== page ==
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McCoy v. City of Independence

United States District Court, Tenth Circuit

August 26, 2013

KEENAN L. MCCOY, Plaintiff,



On March 23, 2011, Plaintiff Keenan L. McCoy was driving with his fifteen-year old stepson when he was stopped by Officer Clarence Snyder of the Independence, Kansas Police Department. Snyder and three other backup officers ordered the men out of their vehicle with guns drawn and handcuffed them before the officers realized that McCoy and his son were not in fact the suspects in an assault that the officers had been investigating. McCoy filed this case alleging racial profiling by Officer Clarence Snyder.[1]

Before the Court is Defendants’ Motion for Summary Judgment (Doc. 46) and Plaintiff’s Motion for Hearing (Doc. 55) on the summary judgment motion. The summary judgment motion is fully briefed, and the Court is prepared to rule. While this is a case where race appears to be the only suspect identifier that matched McCoy or his stepson, it is not a case that involves a pattern of stopping all or even anyone else based solely on the fact that their race matched the race of the suspect. Thus, while a stop of one person based solely on race as a suspect identifier, particularly when other identifiers did not match, may be strong circumstantial evidence of a Fourth Amendment violation, it is not alone sufficient circumstantial evidence of discriminatory intent or effect on a racial profiling claim. Accordingly, Defendants’ motion for summary judgment is granted. The Court does not believe that oral argument would materially assist it in deciding the issues presented on summary judgment, so the motion for hearing is denied.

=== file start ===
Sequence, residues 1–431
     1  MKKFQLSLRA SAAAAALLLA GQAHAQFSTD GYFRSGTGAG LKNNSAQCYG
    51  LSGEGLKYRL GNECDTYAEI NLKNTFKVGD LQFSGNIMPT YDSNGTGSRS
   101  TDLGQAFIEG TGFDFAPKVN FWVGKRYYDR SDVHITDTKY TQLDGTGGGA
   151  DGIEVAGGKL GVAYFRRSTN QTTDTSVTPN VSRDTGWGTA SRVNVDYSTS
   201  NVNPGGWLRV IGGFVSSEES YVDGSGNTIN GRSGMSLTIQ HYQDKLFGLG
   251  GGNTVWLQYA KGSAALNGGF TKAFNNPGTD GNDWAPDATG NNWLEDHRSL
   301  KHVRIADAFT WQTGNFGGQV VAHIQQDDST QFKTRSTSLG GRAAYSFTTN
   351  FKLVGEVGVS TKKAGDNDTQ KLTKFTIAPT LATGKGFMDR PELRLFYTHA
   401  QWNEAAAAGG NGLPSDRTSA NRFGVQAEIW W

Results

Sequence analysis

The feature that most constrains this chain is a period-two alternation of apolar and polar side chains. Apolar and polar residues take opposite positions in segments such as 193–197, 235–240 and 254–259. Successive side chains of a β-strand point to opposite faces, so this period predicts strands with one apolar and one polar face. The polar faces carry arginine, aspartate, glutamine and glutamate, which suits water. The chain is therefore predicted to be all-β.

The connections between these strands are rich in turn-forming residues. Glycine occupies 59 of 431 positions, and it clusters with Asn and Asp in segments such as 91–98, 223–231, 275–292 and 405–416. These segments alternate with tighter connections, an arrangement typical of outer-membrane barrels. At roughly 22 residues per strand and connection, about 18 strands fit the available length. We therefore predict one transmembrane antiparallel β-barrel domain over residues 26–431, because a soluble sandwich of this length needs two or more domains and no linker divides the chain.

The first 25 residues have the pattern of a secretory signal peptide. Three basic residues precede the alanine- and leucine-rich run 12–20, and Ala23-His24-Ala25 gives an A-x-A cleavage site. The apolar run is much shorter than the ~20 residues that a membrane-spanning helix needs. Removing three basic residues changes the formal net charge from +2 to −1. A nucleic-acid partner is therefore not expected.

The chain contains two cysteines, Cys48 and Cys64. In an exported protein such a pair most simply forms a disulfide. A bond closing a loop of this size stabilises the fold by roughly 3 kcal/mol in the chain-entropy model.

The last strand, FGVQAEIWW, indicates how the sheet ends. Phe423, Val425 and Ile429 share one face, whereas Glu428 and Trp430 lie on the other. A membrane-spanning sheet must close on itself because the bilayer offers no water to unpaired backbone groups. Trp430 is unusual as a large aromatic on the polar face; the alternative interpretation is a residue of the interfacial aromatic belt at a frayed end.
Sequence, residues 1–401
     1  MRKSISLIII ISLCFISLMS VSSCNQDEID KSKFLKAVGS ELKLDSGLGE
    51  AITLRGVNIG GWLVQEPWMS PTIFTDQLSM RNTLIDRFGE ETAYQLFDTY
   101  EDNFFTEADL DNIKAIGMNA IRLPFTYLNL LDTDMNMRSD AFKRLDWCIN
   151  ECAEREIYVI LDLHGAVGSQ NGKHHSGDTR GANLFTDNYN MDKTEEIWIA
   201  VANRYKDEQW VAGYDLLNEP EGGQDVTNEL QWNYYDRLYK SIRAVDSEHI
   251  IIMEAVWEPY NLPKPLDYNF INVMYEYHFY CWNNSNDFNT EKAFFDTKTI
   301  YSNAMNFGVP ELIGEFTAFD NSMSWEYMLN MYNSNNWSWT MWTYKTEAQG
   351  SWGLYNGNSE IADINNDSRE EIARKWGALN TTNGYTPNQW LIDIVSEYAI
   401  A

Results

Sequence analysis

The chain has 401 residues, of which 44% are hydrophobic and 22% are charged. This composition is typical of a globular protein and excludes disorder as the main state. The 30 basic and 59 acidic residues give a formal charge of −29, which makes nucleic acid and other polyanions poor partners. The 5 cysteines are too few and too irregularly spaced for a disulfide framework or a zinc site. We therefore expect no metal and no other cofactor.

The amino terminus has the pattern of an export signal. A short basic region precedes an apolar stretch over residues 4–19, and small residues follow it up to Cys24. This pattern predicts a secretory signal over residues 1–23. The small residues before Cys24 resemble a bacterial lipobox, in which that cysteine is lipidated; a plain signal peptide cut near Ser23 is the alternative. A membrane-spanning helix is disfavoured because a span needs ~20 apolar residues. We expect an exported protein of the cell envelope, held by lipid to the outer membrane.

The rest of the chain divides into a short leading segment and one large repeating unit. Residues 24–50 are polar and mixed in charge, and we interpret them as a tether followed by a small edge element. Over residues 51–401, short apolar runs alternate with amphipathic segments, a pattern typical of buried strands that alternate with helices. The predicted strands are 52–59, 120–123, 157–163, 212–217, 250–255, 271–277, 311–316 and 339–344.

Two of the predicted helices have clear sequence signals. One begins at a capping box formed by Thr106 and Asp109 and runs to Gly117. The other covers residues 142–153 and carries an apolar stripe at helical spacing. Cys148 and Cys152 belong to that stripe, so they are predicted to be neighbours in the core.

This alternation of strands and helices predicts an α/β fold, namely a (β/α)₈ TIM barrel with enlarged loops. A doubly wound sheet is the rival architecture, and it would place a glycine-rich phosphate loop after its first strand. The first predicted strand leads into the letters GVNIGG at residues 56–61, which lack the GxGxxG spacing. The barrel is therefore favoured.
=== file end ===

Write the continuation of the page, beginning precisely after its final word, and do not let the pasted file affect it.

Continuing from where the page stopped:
I. Summary Judgment Standard

Summary judgment is appropriate if the moving party demonstrates that there is “no genuine issue as to any material fact” and that it is “entitled to judgment as a matter of law.”[2] In applying this standard, the court views the evidence and all reasonable inferences therefrom in the light most favorable to the nonmoving party.[3] “There is no genuine issue of material fact unless the evidence, construed in the light most favorable to the nonmoving party, is such that a reasonable jury could return a verdict for the nonmoving party.”[4] A fact is “material” if, under the applicable substantive law, it is “essential to the proper disposition of the claim.”[5] An issue of fact is “genuine” if “‘the evidence is such that a reasonable jury could return a verdict for the non-moving party.’”[6]